Toronto and Vancouver provide budding designers with greater opportunities for growth
In Calgary, budding fashion designers are being forced to relocate to cities with stronger fashion markets full of opportunities for growth.
Major Canadian fashion cities such as Toronto and Montreal are boasting successful post-secondary programs that are drawing them in.
In the Global Language Monitor’s 11th annual survey, Toronto was ranked #28 on the Top 56 Global Fashion Capitals 2015, followed by Montreal and Vancouver at #47 and #52, respectively.
Calgary did not make the list. As a result, Calgary is losing budding young designers to the aforementioned cities.
Among them is fourth-year fashion design student Natasha Mawji, who relocated from Calgary to pursue fashion at Ryerson University.
“Toronto is… a central hub for Canadian fashion, so it only made sense,” she says.
Mawji admits the workload is intense, but the university’s faculty of communication and design “has an amazing reputation and therefore this degree will be worth a lot.”
Calgary-based fashion designer and Mount Royal University entrepreneurship professor Kat Marks also made the move from Calgary to Toronto in 2004 to complete her bachelor’s degree in fashion design at Ryerson.
“(I) knew that I needed to be in a city that allowed me to access the bigger fashion industry for my own experience and education,” Marks says.
She felt a degree in fashion would set her apart from other aspiring designers, demonstrating commitment and giving her credibility.
Even if Calgary had offered the degree, Marks says she wouldn’t have chosen to stay in the city because she doesn’t “believe there is a strong enough fashion market here.”
That lack of a market was also the reason Sheila Wong left Calgary in 2005, opting to study fashion at Blanche Macdonald Centre in Vancouver.
“The fashion scene in Calgary… was not strong in terms of industry opportunities for young designers,” says Wong, who has since launched the Sheila Wong Fashion Design Studio in Vancouver.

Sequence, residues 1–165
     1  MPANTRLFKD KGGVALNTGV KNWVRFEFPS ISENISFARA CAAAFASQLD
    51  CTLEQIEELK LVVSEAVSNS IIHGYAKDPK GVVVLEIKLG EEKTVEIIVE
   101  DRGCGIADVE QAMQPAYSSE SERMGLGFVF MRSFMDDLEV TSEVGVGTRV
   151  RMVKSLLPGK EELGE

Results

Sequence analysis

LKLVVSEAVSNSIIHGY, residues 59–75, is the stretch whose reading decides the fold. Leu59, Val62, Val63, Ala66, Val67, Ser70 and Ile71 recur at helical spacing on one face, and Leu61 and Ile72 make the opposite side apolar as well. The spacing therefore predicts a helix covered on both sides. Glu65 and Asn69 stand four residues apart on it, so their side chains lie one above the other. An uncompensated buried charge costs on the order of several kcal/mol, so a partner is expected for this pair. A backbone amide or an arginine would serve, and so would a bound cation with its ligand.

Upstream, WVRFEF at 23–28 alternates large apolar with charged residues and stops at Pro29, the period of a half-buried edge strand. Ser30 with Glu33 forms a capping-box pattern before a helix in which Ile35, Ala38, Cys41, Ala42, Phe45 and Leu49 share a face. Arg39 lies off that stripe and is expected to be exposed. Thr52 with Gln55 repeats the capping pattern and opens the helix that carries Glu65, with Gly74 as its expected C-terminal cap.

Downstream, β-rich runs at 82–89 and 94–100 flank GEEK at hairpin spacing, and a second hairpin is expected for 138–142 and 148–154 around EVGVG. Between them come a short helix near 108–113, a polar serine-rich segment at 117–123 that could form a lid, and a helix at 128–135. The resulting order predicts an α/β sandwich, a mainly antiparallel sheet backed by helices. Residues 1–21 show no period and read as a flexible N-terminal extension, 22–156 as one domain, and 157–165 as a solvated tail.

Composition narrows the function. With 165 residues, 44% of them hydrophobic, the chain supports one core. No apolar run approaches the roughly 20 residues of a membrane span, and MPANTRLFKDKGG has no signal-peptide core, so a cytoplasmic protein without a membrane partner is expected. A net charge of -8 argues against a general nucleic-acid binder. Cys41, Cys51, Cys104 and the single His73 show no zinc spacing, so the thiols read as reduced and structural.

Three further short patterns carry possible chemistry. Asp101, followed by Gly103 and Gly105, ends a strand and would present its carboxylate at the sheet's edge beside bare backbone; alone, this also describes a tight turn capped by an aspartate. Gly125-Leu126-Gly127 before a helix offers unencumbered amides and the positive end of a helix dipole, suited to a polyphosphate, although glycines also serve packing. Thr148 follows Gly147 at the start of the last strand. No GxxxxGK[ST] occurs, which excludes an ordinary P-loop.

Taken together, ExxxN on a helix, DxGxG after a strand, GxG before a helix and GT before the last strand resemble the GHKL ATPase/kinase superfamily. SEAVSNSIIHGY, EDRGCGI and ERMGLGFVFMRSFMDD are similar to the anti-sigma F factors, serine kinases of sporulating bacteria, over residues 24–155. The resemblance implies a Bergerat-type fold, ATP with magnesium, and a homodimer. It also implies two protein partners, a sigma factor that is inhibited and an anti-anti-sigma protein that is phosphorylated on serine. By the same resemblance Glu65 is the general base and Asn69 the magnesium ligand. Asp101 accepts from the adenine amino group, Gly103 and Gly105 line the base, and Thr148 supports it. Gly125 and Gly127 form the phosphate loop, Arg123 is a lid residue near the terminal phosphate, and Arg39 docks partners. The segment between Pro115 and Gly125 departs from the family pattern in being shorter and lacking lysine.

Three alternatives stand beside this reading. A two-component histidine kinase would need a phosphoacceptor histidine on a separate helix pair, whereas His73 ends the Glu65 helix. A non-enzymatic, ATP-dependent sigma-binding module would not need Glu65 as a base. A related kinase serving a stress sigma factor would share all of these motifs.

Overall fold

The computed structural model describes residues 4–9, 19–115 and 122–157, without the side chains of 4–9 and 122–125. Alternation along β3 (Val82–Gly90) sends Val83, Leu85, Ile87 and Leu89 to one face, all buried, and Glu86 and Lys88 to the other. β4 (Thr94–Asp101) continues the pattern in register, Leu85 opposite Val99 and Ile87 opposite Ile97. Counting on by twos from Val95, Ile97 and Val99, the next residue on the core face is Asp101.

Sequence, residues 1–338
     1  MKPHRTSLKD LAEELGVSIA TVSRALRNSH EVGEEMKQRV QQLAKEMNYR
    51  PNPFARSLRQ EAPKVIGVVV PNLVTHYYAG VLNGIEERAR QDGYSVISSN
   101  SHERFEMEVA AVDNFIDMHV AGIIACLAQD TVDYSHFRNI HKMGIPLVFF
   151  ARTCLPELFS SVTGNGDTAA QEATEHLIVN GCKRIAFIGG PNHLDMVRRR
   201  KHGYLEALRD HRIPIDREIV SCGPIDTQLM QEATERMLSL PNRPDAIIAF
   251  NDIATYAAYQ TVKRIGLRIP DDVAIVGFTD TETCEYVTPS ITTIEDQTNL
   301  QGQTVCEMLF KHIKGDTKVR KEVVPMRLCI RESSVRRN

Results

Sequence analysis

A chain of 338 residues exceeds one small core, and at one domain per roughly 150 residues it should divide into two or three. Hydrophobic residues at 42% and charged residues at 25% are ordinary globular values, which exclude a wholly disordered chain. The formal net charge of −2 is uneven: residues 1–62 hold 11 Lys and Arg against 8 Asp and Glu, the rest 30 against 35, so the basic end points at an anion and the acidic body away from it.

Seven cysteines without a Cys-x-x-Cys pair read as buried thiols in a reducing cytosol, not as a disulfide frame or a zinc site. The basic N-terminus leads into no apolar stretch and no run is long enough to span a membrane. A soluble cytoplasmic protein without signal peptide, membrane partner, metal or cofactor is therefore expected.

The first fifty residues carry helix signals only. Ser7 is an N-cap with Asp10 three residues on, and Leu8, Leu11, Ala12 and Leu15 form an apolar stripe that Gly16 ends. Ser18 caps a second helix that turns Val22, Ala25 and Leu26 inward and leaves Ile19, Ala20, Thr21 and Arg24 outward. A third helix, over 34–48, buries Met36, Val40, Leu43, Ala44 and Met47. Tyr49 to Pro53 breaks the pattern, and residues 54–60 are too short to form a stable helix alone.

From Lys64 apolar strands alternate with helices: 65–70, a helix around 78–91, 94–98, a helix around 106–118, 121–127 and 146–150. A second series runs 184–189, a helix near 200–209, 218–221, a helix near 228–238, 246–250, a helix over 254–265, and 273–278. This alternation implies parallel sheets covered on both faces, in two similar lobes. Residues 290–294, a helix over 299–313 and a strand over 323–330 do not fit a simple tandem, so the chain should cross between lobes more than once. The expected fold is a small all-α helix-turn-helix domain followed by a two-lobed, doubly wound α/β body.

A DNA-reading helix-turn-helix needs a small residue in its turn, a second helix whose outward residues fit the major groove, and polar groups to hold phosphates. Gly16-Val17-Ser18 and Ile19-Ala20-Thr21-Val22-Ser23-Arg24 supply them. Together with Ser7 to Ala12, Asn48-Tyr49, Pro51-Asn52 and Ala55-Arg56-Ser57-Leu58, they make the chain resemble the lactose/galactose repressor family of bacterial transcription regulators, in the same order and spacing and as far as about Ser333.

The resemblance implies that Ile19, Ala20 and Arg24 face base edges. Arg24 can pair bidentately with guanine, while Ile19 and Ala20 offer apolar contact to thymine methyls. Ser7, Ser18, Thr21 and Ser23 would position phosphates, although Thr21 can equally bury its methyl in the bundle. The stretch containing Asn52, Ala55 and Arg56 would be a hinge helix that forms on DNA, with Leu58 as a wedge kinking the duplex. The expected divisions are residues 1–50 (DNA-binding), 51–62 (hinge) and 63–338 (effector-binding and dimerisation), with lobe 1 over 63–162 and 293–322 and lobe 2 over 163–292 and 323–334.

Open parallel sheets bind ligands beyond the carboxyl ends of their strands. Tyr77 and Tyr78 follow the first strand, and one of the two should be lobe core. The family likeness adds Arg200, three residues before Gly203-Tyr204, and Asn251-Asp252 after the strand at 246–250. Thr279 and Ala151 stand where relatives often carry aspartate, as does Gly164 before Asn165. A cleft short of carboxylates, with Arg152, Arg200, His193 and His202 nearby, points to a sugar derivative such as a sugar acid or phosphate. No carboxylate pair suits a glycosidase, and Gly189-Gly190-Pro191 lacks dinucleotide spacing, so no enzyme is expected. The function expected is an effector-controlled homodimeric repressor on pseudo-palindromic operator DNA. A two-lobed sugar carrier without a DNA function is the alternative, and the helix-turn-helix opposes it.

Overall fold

This lack of opportunity may relate directly to Calgary’s population size, which is much smaller than that of Canadian fashion giants, Toronto and Vancouver. Statistics Canada shows Toronto’s total population has now breached 6,000,000, whilst Calgary’s stands at 1,230,915.
According to Marks, population numbers play a key role in the success of a city when it comes to its fashion industry.
“The fashion industry within Calgary is very small, which means opportunities are very small.”
By comparison, opportunities for growth and success in Toronto are flourishing for young designers.
Toronto is a huge and very fast-paced city, says Mawji. There are “a lot of fashion company headquarters situated in and around Toronto making it… more accessible for fashion jobs.”
As a fashion student, Mawji says making connections through networking is crucial.
“The professors are usually working in the industry right now, and there (are) so many ways to get involved on campus to get experience at an internship.”
Also in her fourth year studying fashion design at Ryerson University, Amanda McGroarty agrees the opportunities for fashion students in Toronto are incredibly advantageous for emerging designers.
“People in Toronto are way more exposed to fashion and have access to stores throughout the city. There is opportunity to define your own aesthetic style because there are no rules to fashion here,” she says.
As for Calgary’s future as a fashion hub, Mawji says it would be “amazing” to see a fashion degree program in the city.
Currently, there are only two options for post-secondary fashion programs in Alberta – the Fashion Institute offered through Olds College at its Calgary campus, and Ecole Holt Couture, a sewing and design school. Both offer certificates and diplomas upon completion, depending on the courses taken.
However, despite the absence of a fashion degree program in Calgary, designer Wong is hopeful about the city’s fashion scene.
“I would not say Calgarians are leaders but they are truly becoming influencers.”
The editor responsible for this article is Zoe Choy, firstname.lastname@example.org